Operators of the M6 toll road will increase charges for all motorists to use it from next month.
From midnight on Friday 12 July, car drivers will need to pay £6.70 to use the motorway – an increase of five per cent, which is an extra 30p.
It’s the second hike in a year following the decision in July last year to hike toll charges by 10 per cent.
There will also be a new off-peak discount rate for those who choose to use it in the early hours (5am to 7am) and late at night (7pm to 11pm) on weekdays, though this saves drivers just 10p.
M6 toll hike: From midnight on Friday 12 July, car drivers will need to pay £6.70 to use the motorway – up 30p, which works out at an increase of 5%
The new prices were confirmed on Wednesday by operator Midlands Expressways Limited (MEL), less than a month before the higher charges will be introduced.
From 12 July, prices will rise between 10p and 30p for motorbikes and cars depending on the time of travel.
They will rise by between 10p and 50p for light goods vehicles and between 20p and 50p for heavy goods vehicles, says MEL.
These are the new M6 toll charges that will be in affect from 12 July 2019
It’s the second M6 toll price rise in prices in 12 months.
From July 30 2018, charges for cars increased by 50p per journey between 6am and 11pm, reaching £6.40 on weekdays and £5.30 at weekends.
Lorries were also be subjected to higher costs, with weekday journeys costing £11.50 and weekend trips priced at £9.80.
In a statement the operator said the hikes will ‘enable on-going investment in the M6 toll’ and allow for ‘innovative products to suit the specific needs of drivers’.
The new prices were confirmed on Wednesday by operator Midlands Expressways Limited (MEL), less than a month before the higher charges will be introduced
As well as new prices there will also be an off-peak rate for motorists who choose to use the road at its quietest times on weekdays only.
The discount will see car drivers charged 10p less to use the toll road early in the morning and late at night.
Discounts will be applied for those who use the M6 toll between 5am and 7am motorists travelling between 7pm and 11pm from Monday to Friday.
While these cheaper rates will be welcomed, congestion levels at these times are so low that the majority of motorists already opt for the conventional M6 route as there is almost no benefit from using the tolled road.
As well as discounted charges at off-peak hours, local residents and regular users will also be eligible for a range of new schemes that lower the cost of using the motorway.
The first product is called Hopper and caps weekly travel to £35 a week based on 10 return trips, which is claimed to save drivers over 35 per cent a month.
Local residents and regular users will also be eligible for a range of new schemes that lower the cost of using the motorway from July 12
Shuttle is the second scheme which allows commuters to benefit from unlimited local journeys for £20 a week, which would save the average driver over £100 a month based on a regular commute.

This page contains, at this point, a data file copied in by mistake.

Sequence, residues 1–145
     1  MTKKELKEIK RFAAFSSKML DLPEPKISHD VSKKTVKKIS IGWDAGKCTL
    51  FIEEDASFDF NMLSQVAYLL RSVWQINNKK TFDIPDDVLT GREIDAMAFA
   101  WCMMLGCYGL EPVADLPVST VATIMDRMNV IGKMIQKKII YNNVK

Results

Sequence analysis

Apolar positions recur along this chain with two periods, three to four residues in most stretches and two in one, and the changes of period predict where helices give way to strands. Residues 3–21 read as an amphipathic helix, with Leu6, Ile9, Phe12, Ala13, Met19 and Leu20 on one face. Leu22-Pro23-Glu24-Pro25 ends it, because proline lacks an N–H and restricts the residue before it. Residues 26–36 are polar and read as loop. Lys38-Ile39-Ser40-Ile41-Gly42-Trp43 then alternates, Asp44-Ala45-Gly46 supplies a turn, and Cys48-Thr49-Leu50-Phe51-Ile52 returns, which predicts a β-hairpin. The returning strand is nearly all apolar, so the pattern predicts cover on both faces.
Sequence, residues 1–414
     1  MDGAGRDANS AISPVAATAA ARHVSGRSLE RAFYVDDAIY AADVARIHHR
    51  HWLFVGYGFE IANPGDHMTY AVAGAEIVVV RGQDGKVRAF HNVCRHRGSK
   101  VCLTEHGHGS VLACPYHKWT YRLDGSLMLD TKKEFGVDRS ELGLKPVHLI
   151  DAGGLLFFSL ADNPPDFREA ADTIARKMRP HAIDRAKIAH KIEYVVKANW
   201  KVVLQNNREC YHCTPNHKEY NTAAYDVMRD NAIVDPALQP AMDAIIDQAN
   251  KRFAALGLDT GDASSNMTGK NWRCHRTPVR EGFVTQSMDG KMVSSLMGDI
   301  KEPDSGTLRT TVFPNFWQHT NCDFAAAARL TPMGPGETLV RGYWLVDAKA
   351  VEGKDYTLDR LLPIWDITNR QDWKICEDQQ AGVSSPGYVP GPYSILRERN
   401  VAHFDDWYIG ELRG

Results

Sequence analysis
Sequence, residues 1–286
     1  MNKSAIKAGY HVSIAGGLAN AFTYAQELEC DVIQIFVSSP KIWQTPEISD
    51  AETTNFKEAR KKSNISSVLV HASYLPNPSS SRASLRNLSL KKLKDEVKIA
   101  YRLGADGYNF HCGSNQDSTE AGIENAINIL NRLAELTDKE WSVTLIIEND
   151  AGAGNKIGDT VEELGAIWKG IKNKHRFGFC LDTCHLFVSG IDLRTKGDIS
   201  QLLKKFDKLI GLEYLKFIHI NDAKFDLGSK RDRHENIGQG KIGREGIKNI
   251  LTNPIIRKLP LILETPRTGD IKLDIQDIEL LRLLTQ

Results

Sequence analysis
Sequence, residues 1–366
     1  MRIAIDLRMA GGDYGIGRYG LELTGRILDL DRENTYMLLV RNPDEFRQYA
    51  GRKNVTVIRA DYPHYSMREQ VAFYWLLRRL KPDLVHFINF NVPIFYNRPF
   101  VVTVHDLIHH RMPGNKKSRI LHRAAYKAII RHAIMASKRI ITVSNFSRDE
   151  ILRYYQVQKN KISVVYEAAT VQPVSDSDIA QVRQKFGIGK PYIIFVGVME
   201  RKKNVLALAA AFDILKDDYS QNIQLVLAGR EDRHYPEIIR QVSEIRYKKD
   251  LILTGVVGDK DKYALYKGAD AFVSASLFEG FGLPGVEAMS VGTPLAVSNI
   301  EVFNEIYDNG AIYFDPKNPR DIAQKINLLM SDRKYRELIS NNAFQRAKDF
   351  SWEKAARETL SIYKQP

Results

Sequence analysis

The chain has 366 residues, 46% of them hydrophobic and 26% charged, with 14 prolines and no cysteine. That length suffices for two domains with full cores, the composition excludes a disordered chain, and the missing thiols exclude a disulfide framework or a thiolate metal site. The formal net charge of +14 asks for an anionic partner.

For those travelling longer distances, ReturnPass provides a 20 per cent saving on every same-day return journey.
Announcing the pricing changes, Andy Cliffe, chief executive at MEL, said: ‘The M6 toll has been alleviating huge volumes of traffic from the M6 and its surrounding roads for more than 15 years, providing a safer and more reliable route around the Midlands.
‘The M6 toll is significantly faster than alternative routes, making planning more accurate for businesses and individuals and boosting overall efficiency.
‘We’re committed to making our route stress-free and reliable for all, that’s why we’ve put customer feedback at the heart of our new off-peak price bands and our recent product trials to cap prices and offer attractive savings to local and frequent users, ensuring we maximise the positive impact of the M6 toll across the Midlands and beyond.’
The M6 toll is 27 miles in length and is used for around 18.2 million journeys every year
The M6 toll was opened in 2003 and designed to move traffic off the heavily congested M6 through Birmingham.
At 27 miles in length, it transports around 50,000 customers a day and approximately 18.2million users a year.
At peak times, up to 55 per cent of trucks and 85 per cent of cars making ‘long-distance journeys’ through the Midlands use the toll – traffic which would otherwise be using the M6 and local routes such as the A5, A38 and A446.
‘Since 2014 we’ve seen a 14 per cent increase in trucks using our road – a recent industry study of HGVs shows that the M6 toll is a safer road for travel than the M6 owing to a much lower accident rate, and with better fuel economy due to free-flowing traffic, HGV users also benefit from reduced fuel costs and emissions,’ added Cliffe.
‘We remain committed to increasing the volume of HGV traffic using the M6 toll in preference to the M6 or local roads, and ensure that our incentives for new HGV customers and pricing deals for commercial operators are innovative and attractive.’
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